Controversy behind Dr. King holiday

MIKE McGEE | 2/4/2019, 11:08 a.m.
Dr. Martin Luther King Jr. led a national Civil Rights Movement for equality and justice in housing, education and employment, ...
Dr. Martin Luther King Jr. speaks in Selma, Alabama, Feb. 12, 1965, while engaged in a battle with Sheriff Jim Clark over voting rights and voter registration in Selma. Horace Cort

The Dallas Examiner

Dr. Martin Luther King Jr. led a national Civil Rights Movement for equality and justice in housing, education and employment, from 1955 to 1968. Yet, it took a 15-year effort to commemorate his birthday at a national level.

To bring this discussion to the forefront, “The Controversial History of MLK Day” was held at the Martin Luther King Jr. Library, Jan. 14.

“I made the choice to do this particular topic because it intrigued me that it did take so long,” remarked the presenter, Shannon Adams, librarian manager at the center. “One thing that I experienced just through research, and life, is that the biggest obstacle … is because of fear – fear of the unknown. And I do believe that maybe it was fear that maybe provoked the pushback. But I couldn’t be certain because, just given my research, I wasn’t able to locate any of the reasons behind it.”

Those attending the program suggested racism and mistrust of new ideas were at the core of the political foot-dragging.

The holiday, observed on the third Monday in January, was not passed until Nov. 2, 1983, around the time Adams was four years old, even though King had reached national prominence for his nonviolent resistance in support of racial and economic equality before his murder in 1968.

His wife, Coretta Scott King, had been vocal about the holiday since the death of her husband, and it was in 1979 that Rep. John Conyers, D-Mich., and Sen. Edward Brooke, R-Mass., introduced into Congress a bill to establish King’s birthday as a national holiday.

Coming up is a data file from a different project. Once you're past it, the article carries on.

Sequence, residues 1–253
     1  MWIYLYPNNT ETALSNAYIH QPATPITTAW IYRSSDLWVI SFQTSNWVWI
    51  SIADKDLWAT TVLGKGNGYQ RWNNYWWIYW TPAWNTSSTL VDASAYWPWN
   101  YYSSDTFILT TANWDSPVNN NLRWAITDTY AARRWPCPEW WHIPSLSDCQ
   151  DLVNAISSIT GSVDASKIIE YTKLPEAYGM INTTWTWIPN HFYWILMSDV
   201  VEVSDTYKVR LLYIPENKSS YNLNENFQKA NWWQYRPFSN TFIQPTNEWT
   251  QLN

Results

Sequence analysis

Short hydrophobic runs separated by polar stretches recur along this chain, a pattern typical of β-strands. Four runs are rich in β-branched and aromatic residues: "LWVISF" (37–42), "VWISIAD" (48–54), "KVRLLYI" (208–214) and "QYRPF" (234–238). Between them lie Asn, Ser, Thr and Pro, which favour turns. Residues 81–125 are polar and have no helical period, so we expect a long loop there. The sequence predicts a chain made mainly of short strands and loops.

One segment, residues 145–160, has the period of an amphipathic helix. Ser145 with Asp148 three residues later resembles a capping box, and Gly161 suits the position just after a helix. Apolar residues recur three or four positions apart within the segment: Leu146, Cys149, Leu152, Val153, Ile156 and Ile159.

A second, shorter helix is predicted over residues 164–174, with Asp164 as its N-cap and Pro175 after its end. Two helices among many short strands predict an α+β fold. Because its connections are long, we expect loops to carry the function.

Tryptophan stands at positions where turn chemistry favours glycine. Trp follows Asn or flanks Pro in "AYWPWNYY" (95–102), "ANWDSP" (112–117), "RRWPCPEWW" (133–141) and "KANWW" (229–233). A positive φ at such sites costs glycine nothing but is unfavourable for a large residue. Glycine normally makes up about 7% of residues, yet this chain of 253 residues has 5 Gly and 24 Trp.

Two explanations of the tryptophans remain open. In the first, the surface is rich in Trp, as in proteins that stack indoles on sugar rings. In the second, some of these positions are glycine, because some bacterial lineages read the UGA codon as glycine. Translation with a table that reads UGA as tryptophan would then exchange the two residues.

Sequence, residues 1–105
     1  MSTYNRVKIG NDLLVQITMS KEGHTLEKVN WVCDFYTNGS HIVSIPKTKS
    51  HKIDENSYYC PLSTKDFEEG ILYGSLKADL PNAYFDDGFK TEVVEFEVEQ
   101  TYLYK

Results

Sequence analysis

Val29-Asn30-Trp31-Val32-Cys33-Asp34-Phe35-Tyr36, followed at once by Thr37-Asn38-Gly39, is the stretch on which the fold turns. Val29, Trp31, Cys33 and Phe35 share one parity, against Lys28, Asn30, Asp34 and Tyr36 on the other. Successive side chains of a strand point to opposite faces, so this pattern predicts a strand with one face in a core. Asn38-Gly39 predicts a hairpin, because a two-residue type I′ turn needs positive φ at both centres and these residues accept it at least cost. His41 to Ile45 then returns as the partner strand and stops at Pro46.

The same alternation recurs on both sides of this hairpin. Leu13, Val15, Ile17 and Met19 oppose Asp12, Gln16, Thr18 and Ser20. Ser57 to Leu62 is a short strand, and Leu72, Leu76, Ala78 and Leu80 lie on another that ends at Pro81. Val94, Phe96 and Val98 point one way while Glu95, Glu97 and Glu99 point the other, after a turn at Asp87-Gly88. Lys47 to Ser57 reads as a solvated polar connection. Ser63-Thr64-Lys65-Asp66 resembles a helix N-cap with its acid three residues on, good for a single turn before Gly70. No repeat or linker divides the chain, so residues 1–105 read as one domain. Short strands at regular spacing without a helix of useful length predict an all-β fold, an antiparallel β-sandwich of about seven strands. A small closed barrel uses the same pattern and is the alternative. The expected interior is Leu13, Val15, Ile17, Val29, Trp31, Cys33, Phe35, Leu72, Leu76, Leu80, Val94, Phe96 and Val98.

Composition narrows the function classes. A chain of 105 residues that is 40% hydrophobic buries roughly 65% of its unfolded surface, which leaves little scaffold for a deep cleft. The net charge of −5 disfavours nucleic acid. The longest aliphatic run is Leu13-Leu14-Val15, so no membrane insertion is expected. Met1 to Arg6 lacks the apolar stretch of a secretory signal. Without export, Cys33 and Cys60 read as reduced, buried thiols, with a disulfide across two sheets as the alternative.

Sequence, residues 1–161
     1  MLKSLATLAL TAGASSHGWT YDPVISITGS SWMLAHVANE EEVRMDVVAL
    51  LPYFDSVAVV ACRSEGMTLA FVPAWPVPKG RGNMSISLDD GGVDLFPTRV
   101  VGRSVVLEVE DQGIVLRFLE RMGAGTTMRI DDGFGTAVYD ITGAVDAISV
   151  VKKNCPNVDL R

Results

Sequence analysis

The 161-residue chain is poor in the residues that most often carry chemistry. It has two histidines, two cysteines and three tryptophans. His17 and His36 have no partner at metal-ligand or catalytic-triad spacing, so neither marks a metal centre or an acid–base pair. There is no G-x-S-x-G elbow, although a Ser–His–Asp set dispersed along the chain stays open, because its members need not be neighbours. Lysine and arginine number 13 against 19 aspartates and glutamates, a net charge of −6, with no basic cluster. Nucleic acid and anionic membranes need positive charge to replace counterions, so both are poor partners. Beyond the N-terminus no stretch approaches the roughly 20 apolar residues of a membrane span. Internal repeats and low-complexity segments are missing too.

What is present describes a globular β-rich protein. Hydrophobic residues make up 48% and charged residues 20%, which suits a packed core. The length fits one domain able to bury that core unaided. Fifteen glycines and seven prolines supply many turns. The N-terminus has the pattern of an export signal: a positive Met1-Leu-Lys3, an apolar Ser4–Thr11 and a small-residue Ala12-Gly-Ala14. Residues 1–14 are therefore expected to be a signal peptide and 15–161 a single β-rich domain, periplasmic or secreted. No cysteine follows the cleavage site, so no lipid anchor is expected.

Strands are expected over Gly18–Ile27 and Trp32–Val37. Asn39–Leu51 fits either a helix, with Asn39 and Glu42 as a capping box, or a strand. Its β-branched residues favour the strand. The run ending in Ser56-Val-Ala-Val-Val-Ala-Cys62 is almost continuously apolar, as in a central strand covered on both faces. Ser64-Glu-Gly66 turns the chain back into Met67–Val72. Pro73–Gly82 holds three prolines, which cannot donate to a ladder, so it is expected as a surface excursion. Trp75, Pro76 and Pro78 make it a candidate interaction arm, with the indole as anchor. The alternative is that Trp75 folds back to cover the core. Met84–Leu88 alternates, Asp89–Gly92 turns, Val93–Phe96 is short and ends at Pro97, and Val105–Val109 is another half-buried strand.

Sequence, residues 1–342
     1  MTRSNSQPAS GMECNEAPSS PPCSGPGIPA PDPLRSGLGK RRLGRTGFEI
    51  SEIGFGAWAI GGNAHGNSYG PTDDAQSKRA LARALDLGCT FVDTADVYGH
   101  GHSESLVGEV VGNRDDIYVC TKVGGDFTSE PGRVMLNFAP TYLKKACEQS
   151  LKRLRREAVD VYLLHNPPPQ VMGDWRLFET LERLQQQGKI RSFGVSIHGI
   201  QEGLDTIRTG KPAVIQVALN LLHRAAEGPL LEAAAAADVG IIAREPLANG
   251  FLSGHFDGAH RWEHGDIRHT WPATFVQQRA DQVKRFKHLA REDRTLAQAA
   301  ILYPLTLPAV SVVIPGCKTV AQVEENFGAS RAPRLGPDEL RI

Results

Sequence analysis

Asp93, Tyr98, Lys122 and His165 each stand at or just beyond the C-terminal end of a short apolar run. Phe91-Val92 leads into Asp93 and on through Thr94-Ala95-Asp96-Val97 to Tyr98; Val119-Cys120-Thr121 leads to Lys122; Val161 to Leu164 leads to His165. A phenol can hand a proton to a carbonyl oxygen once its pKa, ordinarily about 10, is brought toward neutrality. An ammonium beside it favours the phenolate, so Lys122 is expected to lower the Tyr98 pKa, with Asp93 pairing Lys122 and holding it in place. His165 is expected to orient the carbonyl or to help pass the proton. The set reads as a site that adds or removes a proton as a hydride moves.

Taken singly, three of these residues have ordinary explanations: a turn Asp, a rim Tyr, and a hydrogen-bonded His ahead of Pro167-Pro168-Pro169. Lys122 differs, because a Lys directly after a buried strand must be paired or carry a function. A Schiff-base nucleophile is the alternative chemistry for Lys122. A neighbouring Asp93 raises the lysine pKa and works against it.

Even then, resistance to the idea remained.

“We are the Martin Luther King Library, and so we take pride in knowing a little bit of history about Martin Luther King,” Adams said with a chuckle as she mentioned her research took approximately six months.

Notably, the president who was against the holiday originally was also the president who eventually signed the King bill into law. Ronald Reagan asked at one point during his presidency “…where will it end?” at the suggestion of a day recognizing the reverend.

He was answered by Eddie Murphy during a Weekend Update segment on Saturday Night Live with the question, “What the hell, Ron – where will it begin?”

Adams proposed that once fear – even with racism as its basis, unintentional or otherwise – was addressed, people are more willing to budge on new or more progressive ideas. The more difficult task involves those who make the conscious choice to refuse to move forward.

“How does anyone deal with that?” she pondered. “I just take it with a grain of salt because one thing I’ve learned in life is that you can’t change anyone’s mind. We can try to persuade people with facts and truth, but in the end if they just don’t want to make a change they’re not going to make the change.

“And I would hope that one day – like Martin Luther King said – one day we would see a change because, like Reagan was finally pushed to sign off on it, maybe one day if enough people stand up then it will be for change.”